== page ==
Elly Blue’s Everyday Bicycling

The following book review was provided via email by Colleen Barclay.

Everyday Bicycling: How to Ride a Bike for Transportation (Whatever Your Lifestyle)

Ellie Blue; Cantankerous Titles, 2012.

Available from the publisher here.

The steady inflation of fuel prices and the threat of climate change have no doubt contributed to growing interest in bicycles as transportation. Compared to ten years ago, there are more bikes locked outside of restaurants and businesses (although still not enough racks); more diversity in age, appearance and socioeconomic status among cyclists in street clothes; and a wider range of bicycles in use, beyond the road/mountain bike binary. Still, for many it’s a leap from the occasional Sunday ride along the American Tobacco Trail in springtime weather, to the idea of relying on a bicycle to get to work, carry groceries, or drop the kids at school. The author of Everyday Cycling got back on a bike in early adulthood after a long hiatus, and her evolution, over the past 15 years, from sidewalk-cruising, purse-strap-in-spokes novice to seasoned urban rider inspired her to write this compact manual. Hoping to spare others her own mistakes, she demystifies cycling as a transportation option and provides practical guidance.

Disclaimer: the author, Ellie Blue, lives in Portland, Oregon. Residents of less bike-friendly cities may face challenges other than those she addresses. Still, this is no manifesto for the Portland militant of stereotype, leaving Doppler-effect epithets in his/her wake as s/he maneuvers through traffic. Blue emphasizes the joy, freedom, and pleasure of cycling, and proceeds on the premise that any cycling is better than no cycling. She makes few assumptions about her readers’ expertise or lack of it, and includes a level of detail useful to the inexperienced; she asserts that much of the challenge is mental, with habits and assumptions presenting the biggest obstacles.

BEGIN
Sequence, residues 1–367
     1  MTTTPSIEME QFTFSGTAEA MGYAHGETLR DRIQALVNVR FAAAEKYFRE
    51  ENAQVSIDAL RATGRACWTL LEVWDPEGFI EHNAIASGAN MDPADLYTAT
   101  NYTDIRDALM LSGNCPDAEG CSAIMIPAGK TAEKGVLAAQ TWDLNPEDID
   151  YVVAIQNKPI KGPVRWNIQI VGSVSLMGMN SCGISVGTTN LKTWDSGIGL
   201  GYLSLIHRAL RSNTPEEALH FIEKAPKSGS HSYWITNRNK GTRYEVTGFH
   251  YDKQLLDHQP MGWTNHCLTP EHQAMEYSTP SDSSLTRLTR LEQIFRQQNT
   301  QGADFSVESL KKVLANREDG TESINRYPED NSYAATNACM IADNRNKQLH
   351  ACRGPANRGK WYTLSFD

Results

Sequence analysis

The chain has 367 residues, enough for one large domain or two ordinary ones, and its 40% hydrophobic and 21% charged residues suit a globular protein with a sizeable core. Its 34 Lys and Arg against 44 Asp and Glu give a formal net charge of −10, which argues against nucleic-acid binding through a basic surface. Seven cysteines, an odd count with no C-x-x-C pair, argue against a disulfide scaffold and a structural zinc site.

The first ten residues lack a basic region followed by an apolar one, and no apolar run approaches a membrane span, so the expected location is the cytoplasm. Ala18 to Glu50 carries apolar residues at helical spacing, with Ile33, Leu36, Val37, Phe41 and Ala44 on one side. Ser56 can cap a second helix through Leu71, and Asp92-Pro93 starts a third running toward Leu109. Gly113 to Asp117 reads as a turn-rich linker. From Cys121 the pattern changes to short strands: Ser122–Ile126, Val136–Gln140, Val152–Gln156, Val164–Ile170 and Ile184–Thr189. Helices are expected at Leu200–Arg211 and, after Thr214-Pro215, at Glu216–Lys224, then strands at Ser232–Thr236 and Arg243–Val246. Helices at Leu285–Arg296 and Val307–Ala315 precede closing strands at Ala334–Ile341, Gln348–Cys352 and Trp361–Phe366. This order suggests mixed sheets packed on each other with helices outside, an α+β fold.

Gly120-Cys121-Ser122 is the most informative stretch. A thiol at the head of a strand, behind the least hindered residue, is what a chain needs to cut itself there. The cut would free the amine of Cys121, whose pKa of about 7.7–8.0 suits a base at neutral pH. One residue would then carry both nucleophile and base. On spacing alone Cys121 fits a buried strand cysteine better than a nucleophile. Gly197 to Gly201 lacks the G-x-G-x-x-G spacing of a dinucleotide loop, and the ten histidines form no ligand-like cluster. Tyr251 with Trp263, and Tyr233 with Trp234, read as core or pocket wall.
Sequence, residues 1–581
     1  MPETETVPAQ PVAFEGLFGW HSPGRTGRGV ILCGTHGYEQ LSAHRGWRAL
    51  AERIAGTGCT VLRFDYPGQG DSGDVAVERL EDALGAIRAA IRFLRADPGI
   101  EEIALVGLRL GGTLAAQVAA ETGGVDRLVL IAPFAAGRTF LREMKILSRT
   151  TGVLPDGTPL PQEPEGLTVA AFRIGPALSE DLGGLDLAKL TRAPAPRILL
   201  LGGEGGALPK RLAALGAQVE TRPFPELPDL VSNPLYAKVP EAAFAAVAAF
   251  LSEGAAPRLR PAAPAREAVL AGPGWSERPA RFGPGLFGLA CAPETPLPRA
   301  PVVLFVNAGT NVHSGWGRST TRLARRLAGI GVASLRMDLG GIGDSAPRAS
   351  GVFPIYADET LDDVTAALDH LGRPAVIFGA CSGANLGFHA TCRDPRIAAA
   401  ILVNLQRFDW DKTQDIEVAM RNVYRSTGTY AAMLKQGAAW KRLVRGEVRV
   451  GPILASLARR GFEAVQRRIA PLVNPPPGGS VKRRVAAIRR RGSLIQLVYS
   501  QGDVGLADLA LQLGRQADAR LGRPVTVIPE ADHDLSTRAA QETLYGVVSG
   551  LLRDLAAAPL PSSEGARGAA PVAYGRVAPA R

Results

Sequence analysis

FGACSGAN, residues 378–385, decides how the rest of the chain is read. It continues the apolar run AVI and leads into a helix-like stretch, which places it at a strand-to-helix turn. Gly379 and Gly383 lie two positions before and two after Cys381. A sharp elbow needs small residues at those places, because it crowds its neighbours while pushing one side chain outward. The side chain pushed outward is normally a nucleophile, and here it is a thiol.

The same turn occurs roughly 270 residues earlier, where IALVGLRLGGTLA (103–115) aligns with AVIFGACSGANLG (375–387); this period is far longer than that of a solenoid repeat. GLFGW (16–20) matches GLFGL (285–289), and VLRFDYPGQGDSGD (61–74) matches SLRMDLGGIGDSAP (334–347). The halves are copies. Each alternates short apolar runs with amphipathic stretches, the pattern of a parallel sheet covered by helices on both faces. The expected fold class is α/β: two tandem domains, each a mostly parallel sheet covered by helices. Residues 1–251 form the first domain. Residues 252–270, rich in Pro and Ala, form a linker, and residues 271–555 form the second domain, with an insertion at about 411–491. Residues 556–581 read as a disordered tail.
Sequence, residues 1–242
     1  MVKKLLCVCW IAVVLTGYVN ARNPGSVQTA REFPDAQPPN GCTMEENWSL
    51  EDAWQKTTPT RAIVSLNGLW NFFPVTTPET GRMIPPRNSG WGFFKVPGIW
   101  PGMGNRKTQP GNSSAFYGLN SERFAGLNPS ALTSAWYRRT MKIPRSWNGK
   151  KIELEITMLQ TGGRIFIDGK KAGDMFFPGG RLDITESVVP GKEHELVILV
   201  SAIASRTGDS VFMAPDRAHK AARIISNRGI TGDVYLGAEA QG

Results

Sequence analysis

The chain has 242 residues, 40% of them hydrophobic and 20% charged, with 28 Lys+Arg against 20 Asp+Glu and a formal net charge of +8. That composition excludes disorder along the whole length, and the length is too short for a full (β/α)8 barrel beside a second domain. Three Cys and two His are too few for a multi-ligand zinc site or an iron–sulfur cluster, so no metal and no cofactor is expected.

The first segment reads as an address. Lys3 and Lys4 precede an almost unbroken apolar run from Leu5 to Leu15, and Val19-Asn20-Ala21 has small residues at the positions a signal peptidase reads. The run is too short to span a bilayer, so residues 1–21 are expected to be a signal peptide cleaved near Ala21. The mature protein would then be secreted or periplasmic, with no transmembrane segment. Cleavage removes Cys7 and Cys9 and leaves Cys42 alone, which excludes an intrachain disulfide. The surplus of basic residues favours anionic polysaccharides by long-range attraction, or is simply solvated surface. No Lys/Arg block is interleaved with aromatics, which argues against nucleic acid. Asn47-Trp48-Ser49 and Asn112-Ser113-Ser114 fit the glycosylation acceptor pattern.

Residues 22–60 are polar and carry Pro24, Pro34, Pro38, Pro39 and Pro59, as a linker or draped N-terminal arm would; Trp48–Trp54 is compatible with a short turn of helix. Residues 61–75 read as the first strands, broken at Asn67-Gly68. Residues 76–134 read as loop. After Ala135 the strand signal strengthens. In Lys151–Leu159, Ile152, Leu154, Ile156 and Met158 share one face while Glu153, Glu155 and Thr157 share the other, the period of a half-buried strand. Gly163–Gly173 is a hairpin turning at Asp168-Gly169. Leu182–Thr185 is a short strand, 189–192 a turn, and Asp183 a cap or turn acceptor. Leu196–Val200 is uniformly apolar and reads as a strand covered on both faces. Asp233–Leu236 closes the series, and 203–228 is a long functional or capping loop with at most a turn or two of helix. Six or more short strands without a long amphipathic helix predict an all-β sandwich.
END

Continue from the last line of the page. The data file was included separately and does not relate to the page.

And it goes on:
The opening chapter, “How to Ride a Bike,” provides tips and resources for adults learners, whether riding for the first time or building confidence and security in traffic. Safety, courtesy and lawfulness are the foundation here, along with pointers on how to “be the traffic.” Topics include choosing a route, taking the lane, the art of yielding, dealing with road rage (yours and theirs), and arguments for and against the rolling stop. “Your Life, by Bike” details the ways in which a bike-centric life changes how you organize your time, deal with weather, make wardrobe choices – for most bike commutes ‘technical’ clothing is not required – and even decide where to live (if one of your bikes is a 1969 Raleigh 3-speed with big rear baskets, you need ground-floor storage options).

“Bicycle, Adoption, Care and Feeding” covers questions to ask yourself and the bike shop in order to get a bike that meets your needs, with discussion of new vs. used and an extensive overview of general types of bikes. Reassuring us that “you don’t need to marry your bike,” Blue advocates guilt-free moving-on when a bike doesn’t satisfy, and suggests that bicycle monogamy is not realistic for most riders. “Carrying Things by Bike,” surveys the possibilities of racks, baskets, panniers, trailers, cargo bikes, even the ubiquitous milk crate; I admit that the author lost me at “moving by bicycle,” which she describes as “a barn raising, a house warming party, and a parade all wrapped into one.” Even though I prefer small living spaces, I do have furniture. Cargo bikes and trailers also play a large role in “Family Cycling;” the author is not among those navigating the high-stakes world of child-schlepping by bike, and relies here on advice from other hearty souls.

Significant structural changes are needed to make getting around by bike safe and appealing to large numbers of people in most American cities. The chapter on advocacy and organizing to foster bike-friendly communities is level-headed, non-confrontational and full of details about starting a group, approaching City Hall, building relationships, getting employers on board, and encouraging bike-positive media coverage. The author’s concluding vision is the integration of bicycling into “normal” life to such a degree that nobody even bothers to identify themselves as a cyclist; she also reminds us, “When you switch from driving or transit to bicycling, it’s like you suddenly have a whole different map of your community.” These transformed maps, created by every ride to work, the library, or the football game, can then help transform communities.

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